ii. A philosophic concept to be meditated on, not to be adored or worshiped.
b. Maya is the way by which Brahman chose to create the material world.
It is a type of “relative” reality.
i. Huston Smith – compared the concept of maya to the question posed “are
dreams real?”. They are real in the sense that we have them but not in the sense
that the events depicted in them actually take place. Maya is the concept that
the world that the mind sees is real to the mind in its present state but it is not
real as it truly is. 13(cf. agnosticism; Christianity)
c. Primary gods
i. Brahma (the creator)
ii. Vishnu (the preserver) – has had10 incarnations over time called Avatars
iii. Shiva (the destroyer) – is really THE primary god worshiped due to the
overwhelming fear of his wrath. Has many temples built for him11
Shiva’s wife “Kali” is also an angry goddess that has a large cult-revival.
d. The Cow is god: atharava veda – “The Cow is heaven, the Cow is earth,
the Cow is Vishnu, Lord of life” – permitted to have full reign eating as it wishes.
Hindu World View:
Pantheistic - All things seen and unseen (including the millions and millions of gods) all make up Brahman (god above all)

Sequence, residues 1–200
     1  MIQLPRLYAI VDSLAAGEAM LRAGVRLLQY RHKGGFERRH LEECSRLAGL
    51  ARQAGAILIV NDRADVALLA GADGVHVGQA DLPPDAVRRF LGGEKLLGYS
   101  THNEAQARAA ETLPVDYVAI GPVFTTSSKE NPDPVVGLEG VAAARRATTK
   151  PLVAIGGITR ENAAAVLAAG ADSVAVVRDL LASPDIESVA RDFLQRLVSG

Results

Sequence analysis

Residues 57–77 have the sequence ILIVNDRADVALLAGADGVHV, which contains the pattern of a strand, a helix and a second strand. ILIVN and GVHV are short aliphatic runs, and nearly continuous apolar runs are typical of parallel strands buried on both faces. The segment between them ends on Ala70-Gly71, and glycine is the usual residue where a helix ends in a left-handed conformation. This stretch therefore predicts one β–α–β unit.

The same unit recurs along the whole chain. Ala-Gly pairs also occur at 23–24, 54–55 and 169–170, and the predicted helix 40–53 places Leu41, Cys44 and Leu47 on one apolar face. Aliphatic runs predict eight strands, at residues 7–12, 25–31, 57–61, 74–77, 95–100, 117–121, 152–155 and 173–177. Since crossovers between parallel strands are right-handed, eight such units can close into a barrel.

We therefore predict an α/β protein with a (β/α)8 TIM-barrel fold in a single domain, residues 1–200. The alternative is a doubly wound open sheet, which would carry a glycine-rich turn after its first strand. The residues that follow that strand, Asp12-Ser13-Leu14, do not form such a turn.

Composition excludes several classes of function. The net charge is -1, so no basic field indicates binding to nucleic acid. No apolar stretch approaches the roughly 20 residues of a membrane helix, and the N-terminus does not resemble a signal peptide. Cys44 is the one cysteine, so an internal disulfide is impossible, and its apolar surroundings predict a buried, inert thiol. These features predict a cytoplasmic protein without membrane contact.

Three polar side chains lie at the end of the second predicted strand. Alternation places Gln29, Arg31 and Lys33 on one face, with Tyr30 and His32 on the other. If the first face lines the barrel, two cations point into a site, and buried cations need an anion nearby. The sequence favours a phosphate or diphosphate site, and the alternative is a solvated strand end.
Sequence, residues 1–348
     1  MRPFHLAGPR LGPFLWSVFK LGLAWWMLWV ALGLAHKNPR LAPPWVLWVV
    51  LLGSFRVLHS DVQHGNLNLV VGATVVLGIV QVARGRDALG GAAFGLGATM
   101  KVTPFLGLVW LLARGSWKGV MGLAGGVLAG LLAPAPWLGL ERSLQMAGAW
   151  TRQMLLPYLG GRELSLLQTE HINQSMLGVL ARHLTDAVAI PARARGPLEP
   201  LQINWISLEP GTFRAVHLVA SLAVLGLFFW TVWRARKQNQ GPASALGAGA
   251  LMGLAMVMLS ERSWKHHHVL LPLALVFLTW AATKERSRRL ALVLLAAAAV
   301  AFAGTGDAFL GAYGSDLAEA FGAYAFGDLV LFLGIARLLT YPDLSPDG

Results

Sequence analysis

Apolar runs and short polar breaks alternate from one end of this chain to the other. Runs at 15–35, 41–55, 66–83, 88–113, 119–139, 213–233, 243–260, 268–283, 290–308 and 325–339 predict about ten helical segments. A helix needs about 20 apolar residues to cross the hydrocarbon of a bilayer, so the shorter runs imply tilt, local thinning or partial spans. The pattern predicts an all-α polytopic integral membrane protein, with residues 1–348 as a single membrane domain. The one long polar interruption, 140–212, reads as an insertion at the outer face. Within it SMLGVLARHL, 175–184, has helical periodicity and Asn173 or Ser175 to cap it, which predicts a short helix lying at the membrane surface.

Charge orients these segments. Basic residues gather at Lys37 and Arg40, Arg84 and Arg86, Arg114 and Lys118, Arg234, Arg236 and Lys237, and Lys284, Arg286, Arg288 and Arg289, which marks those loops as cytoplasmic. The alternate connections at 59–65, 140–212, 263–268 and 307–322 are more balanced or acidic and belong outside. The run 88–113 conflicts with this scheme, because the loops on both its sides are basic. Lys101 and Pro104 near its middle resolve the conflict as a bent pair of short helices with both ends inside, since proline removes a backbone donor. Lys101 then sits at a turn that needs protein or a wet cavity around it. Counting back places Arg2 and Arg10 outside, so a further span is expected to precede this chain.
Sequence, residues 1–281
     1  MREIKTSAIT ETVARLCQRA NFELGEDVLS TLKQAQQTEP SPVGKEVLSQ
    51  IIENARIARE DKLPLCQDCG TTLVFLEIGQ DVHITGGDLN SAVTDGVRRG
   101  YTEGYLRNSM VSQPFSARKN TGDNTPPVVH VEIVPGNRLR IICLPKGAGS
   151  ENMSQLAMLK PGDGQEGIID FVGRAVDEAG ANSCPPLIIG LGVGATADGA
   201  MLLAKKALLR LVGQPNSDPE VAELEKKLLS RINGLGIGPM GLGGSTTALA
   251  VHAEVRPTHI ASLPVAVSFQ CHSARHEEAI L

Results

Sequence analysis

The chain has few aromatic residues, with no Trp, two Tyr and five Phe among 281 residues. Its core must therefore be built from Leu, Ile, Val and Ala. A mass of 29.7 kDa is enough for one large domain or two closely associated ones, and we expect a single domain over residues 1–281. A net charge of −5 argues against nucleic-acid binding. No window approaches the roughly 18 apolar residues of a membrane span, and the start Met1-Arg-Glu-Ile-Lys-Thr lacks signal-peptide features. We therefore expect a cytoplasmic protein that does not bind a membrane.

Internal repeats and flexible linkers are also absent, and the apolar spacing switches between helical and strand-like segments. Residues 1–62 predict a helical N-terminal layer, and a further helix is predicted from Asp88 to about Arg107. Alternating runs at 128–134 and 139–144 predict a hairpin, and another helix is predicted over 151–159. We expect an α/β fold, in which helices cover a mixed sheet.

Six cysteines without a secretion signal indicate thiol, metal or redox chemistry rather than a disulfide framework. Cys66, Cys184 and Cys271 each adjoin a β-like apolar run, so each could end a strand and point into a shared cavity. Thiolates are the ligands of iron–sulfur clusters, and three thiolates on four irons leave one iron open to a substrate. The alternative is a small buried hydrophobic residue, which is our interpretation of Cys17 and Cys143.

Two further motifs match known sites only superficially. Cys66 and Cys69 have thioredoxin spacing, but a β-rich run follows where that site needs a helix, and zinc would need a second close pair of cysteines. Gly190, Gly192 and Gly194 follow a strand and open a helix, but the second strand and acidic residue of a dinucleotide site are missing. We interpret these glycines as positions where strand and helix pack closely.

Metaphysical - Nature of Man - Hinduism embraces the idea of evolution in that they feel that it coincides with their core beliefs that man is progressing steadily over time. This, despite the fact that rape and violence are on an ever-increasing climb within Hindu society, and have been for thousands of years.
Problem of Evil:
- Karma – action The process by which an individual is either rewarded for his/her good deeds and also the process by which they are punished for their bad deeds. This karma is usually expected to be carried out in the individual’s next incarnation, however, it seems there is a tendency among Hindus to believe that karma can be effected in this life as well.
- The present is determined by the past, however the present, if acted out properly can determine the future.
- Karma is ultimately a perpetuation of evil and doesn’t solve it. In order for an individual to get their “evil” karma worked off, evil things must be carried out against them in this or the next life, which in turn requires that THAT individual’s karma must ALSO be worked off by someone ELSE and so on and so on.
- Rabi Maharaj, a former Hindu Brahman priest, points out that ultimately, Hindu society is supposed to be progressing and getting better after thousands of years of this karma practice. However, he notes that it only seems to be getting worse!11